TV TIMEOUT

Bill Green comes in from outdoors to field five questions

Posted April 06, 2011, at 11:43 p.m.
Last modified April 07, 2011, at 5:28 a.m.
Bill Green
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Bill Green

Bill Green is a Bangor native who graduated from Bangor schools and the University of Maine. While still 18, he was hired as a cameraman at Bangor TV station WLBZ (Channel 2) and found his lifelong passion. He became a sports anchor and eventually moved to WCSH-TV in Portland. Thirty-nine years later, he’s still in front of the camera as host of “Bill Green’s Maine,” which airs Saturday nights at 7. Bill will soon be celebrating his 25th wedding anniversary. He and his wife have two children who are both in college.

Q – How did your Bill Green Outdoors segment come about (whose idea, inspiration, etc.), and how did the transition from sports anchor to outdoor segment/show host go for you?

A – I grew up reading the Bangor Daily News with Bud Leavitt’s columns right on the sports page. When I became a sportscaster, I felt compelled to try to do some outdoor reporting amidst the stick and ball stuff. So, I would try to go out and do a feature here and there. The upper management really liked my feature reporting and thought we should do more. They basically had me start doing that at the expense of the more traditional sports. In the end, I was probably a better field reporter than I was a sports anchor.

Q – What did your collegiate education/preparation for a career consist of and did you go to school intending to study one thing and end up going in a different direction?

A – It did a lot. I got a job as a studio cameraman when I was 18. I was a freshman at Maine. I immediately decided to major in broadcasting. I loved it from day one. The station manager was a Harvard graduate named Ed Guernsey. I think he appreciated that I was getting a degree and working full time. He gave me a chance to be a sportscaster, and I remain very grateful. I’m also grateful to the university. It was really the one shot I had at college and I think I got a great education.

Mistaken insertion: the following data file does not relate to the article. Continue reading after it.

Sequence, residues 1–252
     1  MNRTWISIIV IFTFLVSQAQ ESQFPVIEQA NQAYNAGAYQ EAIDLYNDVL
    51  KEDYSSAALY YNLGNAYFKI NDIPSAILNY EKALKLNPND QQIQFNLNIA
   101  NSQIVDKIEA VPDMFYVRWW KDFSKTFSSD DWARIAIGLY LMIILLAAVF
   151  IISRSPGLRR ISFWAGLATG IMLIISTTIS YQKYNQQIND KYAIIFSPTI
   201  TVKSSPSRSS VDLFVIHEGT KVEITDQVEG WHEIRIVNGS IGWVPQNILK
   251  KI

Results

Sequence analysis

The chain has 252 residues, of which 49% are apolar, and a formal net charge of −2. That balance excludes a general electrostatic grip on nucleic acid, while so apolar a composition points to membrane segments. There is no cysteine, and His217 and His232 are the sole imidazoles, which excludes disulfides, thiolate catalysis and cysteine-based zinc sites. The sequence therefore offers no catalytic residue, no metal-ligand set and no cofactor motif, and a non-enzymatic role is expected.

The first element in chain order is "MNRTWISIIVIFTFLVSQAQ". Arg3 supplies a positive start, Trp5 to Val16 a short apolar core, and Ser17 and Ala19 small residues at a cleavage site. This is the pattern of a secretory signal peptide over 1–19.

Q – What’s your most personally embarrassing TV/broadcast moment?

A – Oh, so many. Where do I begin? Leaving a camera on the roof of a car and driving off. Dropping an F-bomb during the commercial on Candlepin Challenge with Charlie Milan. The program was on tape and the master control operator missed the break getting my faux pas on the air! The night I ripped the baseball scores off the wire and ran to the set. I raced through the sportscast and grabbed the scores and — while live — discovered they were from the night before and that I didn’t have that night’s scores, so I crinkled them up and threw them over my shoulder. One of my favorite writers, Leigh Montville, was watching from his camp and reminds me of it every time he sees me to this day.

Q – What do you enjoy most, in terms of covering or broadcasting?

I enjoy the craft of storytelling on TV. I like to find a good story and create the vehicle to share it with people. I’ve really worked hard at getting better and still put a pretty good effort into what I do. Although you start with a good subject, the event isn’t all that important. I think it’s important to sort of get out of the way of a good story. I guess I really enjoy the variety of what I do.

Q – If you could have any other job in the world, what would it be?

A – I’d open a Coffee Pot. I’d put on a little black bow tie like Skip Rist. I’d give people a sandwich and they’d give me a dollar. At the end of the day, I would count my dollars and know if I had a good day or a bad day. In TV, the ratings come in once in a while, but it’s too esoteric. Managers and sales people can mess with those. Either that or I’d become Amish. I’d work all day and not worry about the Red Sox. We work really hard at living full lives and becoming “self-actualized.” In the end, who lives a more fulfilling life than the Amish?

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